25. Did you know that In the Dogrib language, the city is known as Somba K’e (Som-ba Kay) (“where the money is”)? There are 11 official languages in the Northwest Territories. We are also known for several world class athletes. For example, Kevin Koe (a former world champion for curling who now plays out of Alberta) grew up in Yellowknife.

  26. @Curlze Fantastic facts. Thank you – and all new info for me and I expect for my readers. I had no idea that there were 11 languages. Are they official in that the NWT government provides services in all of them?

  27. @Curlze What a thoughtful comment to leave. When I’m in Yellowknife this summer I’ll have to try Bullocks Bistro – and I’m assuming that the fish comes from Great Slave Lake. As my husband is a geologist I think we’ll have to check out the Wild Cat Cafe as well.
    I can’t imagine the laws allow for pet lions anymore. What a sight that would have been!

  28. @Rachel I just ran the numbers through an online C/F calculator again and although I appreciate that -40 F = -40 C, according to the calculator -51C is in fact -59.8F.
    Forty centigrade in Yellowknife doesn’t not sound good though at least you have Great Slave Lake to cool off in.
    I obviously didn’t do enough research and had bad info re: the Denes but I do appreciate that there is a large population of First Nations People; I look forward to meeting many of them on my short visit this summer.

    Thank you very much for taking the time to comment.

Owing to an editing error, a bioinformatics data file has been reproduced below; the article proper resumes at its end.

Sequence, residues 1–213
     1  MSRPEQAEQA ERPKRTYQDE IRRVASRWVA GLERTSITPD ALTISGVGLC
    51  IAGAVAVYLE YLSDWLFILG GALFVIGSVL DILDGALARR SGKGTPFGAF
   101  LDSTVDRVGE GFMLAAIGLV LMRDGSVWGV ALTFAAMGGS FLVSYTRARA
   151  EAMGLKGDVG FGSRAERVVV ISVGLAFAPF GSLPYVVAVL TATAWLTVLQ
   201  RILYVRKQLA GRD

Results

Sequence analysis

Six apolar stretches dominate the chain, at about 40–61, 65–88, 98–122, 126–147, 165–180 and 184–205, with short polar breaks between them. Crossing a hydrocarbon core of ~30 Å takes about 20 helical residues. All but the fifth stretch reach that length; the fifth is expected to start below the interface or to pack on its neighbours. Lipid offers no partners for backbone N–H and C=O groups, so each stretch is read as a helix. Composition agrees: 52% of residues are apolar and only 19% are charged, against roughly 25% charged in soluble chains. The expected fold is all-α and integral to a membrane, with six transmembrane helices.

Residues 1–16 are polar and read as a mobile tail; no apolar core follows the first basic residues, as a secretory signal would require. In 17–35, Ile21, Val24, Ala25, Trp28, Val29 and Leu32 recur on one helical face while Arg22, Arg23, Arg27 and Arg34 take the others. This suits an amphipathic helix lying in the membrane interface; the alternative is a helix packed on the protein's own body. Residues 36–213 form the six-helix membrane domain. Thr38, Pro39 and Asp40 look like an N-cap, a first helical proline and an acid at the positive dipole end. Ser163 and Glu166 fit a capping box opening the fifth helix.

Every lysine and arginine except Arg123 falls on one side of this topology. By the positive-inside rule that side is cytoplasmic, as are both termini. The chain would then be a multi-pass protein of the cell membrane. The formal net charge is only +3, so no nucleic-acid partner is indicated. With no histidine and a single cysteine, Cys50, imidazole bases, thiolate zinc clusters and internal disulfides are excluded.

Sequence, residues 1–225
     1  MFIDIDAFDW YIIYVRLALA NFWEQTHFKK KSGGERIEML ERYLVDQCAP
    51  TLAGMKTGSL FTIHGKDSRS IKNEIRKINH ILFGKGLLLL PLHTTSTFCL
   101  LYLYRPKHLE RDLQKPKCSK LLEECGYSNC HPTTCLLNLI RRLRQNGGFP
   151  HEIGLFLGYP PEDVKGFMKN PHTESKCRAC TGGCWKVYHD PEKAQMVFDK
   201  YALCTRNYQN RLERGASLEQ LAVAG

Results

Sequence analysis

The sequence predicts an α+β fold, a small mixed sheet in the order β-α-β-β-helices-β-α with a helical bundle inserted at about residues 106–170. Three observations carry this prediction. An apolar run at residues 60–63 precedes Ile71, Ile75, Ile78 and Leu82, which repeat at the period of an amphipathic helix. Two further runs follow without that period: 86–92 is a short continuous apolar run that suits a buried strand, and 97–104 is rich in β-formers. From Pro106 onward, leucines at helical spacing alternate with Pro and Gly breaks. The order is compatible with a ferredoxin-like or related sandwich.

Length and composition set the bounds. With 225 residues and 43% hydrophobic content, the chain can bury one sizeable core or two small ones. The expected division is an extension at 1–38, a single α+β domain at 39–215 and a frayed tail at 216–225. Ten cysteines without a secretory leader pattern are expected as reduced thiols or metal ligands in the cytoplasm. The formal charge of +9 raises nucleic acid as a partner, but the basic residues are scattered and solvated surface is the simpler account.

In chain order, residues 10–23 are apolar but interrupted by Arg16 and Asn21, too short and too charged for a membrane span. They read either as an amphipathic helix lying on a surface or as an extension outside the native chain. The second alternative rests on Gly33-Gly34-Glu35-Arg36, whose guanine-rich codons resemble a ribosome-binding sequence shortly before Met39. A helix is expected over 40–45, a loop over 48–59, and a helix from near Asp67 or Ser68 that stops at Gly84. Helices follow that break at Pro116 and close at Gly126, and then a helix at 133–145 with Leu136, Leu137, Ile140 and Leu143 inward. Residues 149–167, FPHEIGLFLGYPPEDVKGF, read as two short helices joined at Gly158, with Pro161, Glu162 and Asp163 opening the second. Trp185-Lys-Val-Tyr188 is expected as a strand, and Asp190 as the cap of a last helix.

29. Let me know when you get to Yellowknife. If you’re interested, I’d love to have a quick interview with you about your blog and your experiences here.

  30. I lived in Pine Point, then moved to Penticton BC. I do remember being in Yellowknife, at the city hall, and it had Penticton listed as a Sister city as well!

  31. I grew up on Latham Island, right down the street from N’Dilo, which was nicknamed Rainbow Valley when I was a kid. I learned to do all sorts of wrong things with a vehicle on ice thanks to the ice road between Yk and Dettah… Thank you Yellowknives!

    A couple blocks away from home was my first job, dishwasher at WildCat Cafe. Across the street from the cafe, we used Max Wards floatplane dock for cold water starts when waterskiing before all the ice was gone.

    The record heat waves in Yk feel hotter than those of the south because nights don’t cool down thanks to the sun that stays up most of the summer. The only place I’ve ever tee’d off for 18 holes after 8 pm.

    Thank you for the blog. Lovin the memories it brings back.

    Not sure why Saskatoon was mentioned but a little something about Regina… its the city that rhymes with fun, I now live 2 hours south of there and well… now I see a LOT of the sun, but never when I come out of the late movie… or the bar.

    I miss Yellowknife. It will always be where I am from. Look forward to one day returning.

    Kyle

    1. I was born and raised up in Yellowknife and yes the mine tunnels are all under the streets and when they were dynamiting the walls you sure felt them. One thing you forgot on your list is that the people in Yellowknife are the most friendly and welcoming people you will ever meet. You would definately not regret going up to see my beautiful home town.

  32. The link I clicked on said 25 Fun, Weird, and Interesting Facts About Yellowknife. But this has 28 facts instead, but I’m not complaining. XD